And believe it or not, it starts with a showstopping joke: “My name’s Bill W., and I’m an alcoholic.” What? Your sides aren’t exactly splitting? Maybe you had to be there. As uttered by Robert Krakovski, playing one-time stockbroker and AA co-founder Bill Wilson, that line elicited enough laughter and applause at the performance I attended to momentarily make me wonder whether I’d wandered into the wrong venue. Standing with his feet askance, wearing a slyly toothy smile, and showing a glint of controlling knowingness in his eyes, Krakovski certainly looked more like a stand-up comedian than a man beginning a heartfelt confession. But how much can you tell in a play’s first five seconds? Maybe it was just this particular audience? Surely the show would get back on track and prove this reaction was an unintended aberration?
Nope. As directed by Rick Lombardo, producing artistic director of the Waterton, Massachusetts, New Repertory Theatre, where this production got its start, Bill W. and Dr. Bob is a neo-vaudevillian freak show that demonstrates why vaudeville keeled over in the first place. What should be the serious story of Bill and Dr. Bob Smith (Patrick Husted) hitting rock bottom, finding each other by chance, and developing the foundations of AA simply to survive is treated so hammily that Friday performances should probably be canceled during Lent.
While there’s nothing wrong with threading humor through a topic of this severity, Lombardo and his actors spend most of the evening bordering dangerously on the uncouth and outright distasteful, treating potentially shattering depictions of drunkenness into recreations of I Love Lucy’s Vitameatavegamin episode. As the play begins in 1925, with Bill and his wife Lois (Rachel Harker) facing the final days of Bill’s pre-Crash benders, it’s entirely possible Lombardo believed an enforcement of pastry-puffy mid-1920s acting styles would most effectively leaven the midnight-dark mood. And with a pianist (Ray Kennedy) positioned permanently upstage, and a couple of scene changes covered by songs sung by members of the company, it really does seem old-fashioned entertainment is what Lombardo had in mind.
But most of what’s intended to be funny isn’t - this material doesn’t lend itself naturally to the broad comedy Lombardo has encouraged, at least with these performers. Only Harker finds some sympathy in her token conflicted wife, but her overly hairsprayed stiffness makes even that hard to assimilate. As the other neglected spouse, Anne Smith, Kathleen Doyle is all judgmental, patrician stuffiness, more appropriate for a monsterly Oscar Wilde matron. The gentle, genial Krakovski is only miscast as the violent, self-absorbed Bill; but Husted is flat-out embarrassing, especially when playing inebriated much the way Alan Alda might play George M. Cohan in a remake of Yankee Doodle Dandy. Marc Carver and Deanna Dunmyer play an endless series of ensemble roles with an endless series of funny voices that are not endlessly funny.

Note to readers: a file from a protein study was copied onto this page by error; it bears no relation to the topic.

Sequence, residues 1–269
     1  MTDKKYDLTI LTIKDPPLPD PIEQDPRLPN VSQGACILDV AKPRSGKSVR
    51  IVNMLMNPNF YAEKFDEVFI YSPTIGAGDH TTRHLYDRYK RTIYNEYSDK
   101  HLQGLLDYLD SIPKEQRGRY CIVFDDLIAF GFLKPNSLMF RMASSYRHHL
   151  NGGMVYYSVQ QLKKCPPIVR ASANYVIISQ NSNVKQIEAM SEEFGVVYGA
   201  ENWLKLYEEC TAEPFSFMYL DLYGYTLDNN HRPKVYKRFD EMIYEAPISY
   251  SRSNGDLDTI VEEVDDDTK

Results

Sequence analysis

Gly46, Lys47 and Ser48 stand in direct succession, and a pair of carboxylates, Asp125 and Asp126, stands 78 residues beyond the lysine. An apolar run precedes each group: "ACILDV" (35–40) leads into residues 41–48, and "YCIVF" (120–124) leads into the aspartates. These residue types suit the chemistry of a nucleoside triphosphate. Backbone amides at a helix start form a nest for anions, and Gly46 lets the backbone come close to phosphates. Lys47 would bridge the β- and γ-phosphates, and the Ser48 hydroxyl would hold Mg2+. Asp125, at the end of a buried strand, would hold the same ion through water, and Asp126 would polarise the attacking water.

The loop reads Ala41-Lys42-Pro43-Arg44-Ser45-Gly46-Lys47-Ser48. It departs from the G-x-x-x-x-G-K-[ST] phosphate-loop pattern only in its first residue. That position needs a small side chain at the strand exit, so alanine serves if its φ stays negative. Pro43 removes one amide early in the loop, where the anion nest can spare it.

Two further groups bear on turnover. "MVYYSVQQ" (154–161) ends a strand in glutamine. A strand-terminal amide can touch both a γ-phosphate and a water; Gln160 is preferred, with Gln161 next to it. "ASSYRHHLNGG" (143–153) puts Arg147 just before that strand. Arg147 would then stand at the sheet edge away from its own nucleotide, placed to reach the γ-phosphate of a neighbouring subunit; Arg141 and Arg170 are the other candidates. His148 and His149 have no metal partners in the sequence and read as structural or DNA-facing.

To Bergman and Surrey’s credit, their own work is relatively restrained, making decent (if not wholly successful) attempts to flesh out characters who could be little more than stumbling symbols of the dangers of excess. Sure, there are some howlers (“We need to find ourselves a steady supply of more reliable alcoholics”) and one too many improbabilities (do we need to see the wives’ first, unofficial Al-Anon meeting?), but the script doesn’t lack for honesty, sensitivity, and a sincere desire to improve others’ lives.
None of that, however, has survived the trip to the stage, and the evening resulting from the intervention of Lombardo and his cast suggests that a production this laughable is worse than none at all. The best that can be said of Bill W. and Dr. Bob is that it generally stops just short of insulting the real people suffering from the real problems it’s trying to illuminate. Any theatreholics in the audience, however, don’t get off quite so easily.
Bill W. and Dr. Bob